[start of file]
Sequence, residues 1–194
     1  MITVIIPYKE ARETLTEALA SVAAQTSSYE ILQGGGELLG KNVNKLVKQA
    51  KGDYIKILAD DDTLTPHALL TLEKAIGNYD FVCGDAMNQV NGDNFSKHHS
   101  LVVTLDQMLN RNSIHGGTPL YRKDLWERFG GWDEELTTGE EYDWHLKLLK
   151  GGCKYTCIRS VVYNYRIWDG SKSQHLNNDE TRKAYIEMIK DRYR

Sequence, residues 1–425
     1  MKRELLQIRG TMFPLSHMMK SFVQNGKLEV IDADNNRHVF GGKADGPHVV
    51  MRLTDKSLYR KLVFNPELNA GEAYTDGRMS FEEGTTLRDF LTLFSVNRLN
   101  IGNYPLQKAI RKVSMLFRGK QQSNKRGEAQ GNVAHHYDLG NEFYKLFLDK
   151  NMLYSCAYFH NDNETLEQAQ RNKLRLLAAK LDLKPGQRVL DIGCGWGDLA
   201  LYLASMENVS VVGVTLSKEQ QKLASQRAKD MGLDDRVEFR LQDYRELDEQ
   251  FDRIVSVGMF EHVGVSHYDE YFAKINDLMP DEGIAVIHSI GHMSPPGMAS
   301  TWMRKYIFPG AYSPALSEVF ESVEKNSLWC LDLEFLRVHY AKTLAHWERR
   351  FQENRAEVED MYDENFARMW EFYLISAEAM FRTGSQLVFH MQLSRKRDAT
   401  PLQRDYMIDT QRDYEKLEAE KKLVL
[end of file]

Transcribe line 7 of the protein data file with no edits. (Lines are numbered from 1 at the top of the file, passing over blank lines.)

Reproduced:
     1  MKRELLQIRG TMFPLSHMMK SFVQNGKLEV IDADNNRHVF GGKADGPHVV